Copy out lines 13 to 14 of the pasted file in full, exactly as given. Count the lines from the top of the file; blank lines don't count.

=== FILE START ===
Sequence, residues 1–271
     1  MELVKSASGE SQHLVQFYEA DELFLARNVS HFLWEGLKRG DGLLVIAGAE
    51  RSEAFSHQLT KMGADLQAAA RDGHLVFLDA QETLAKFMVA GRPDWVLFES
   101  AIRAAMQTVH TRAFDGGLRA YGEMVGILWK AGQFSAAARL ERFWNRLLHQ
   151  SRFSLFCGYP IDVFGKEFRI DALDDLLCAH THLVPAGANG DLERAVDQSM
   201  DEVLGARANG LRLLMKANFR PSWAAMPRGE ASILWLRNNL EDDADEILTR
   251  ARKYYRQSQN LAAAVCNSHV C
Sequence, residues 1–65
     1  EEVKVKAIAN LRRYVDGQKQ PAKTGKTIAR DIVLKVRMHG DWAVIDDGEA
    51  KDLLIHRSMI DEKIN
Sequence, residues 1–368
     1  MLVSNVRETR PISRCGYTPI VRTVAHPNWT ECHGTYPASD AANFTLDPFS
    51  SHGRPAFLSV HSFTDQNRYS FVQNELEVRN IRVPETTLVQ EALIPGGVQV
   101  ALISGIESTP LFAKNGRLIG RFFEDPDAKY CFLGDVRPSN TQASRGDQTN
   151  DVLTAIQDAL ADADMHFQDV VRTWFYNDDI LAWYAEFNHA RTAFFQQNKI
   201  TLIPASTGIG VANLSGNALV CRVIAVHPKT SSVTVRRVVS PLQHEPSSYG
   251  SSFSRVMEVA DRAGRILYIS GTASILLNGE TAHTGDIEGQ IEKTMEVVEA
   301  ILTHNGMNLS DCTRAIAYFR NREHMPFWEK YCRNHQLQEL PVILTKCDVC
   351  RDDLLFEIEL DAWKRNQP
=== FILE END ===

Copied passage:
    51  SHGRPAFLSV HSFTDQNRYS FVQNELEVRN IRVPETTLVQ EALIPGGVQV
   101  ALISGIESTP LFAKNGRLIG RFFEDPDAKY CFLGDVRPSN TQASRGDQTN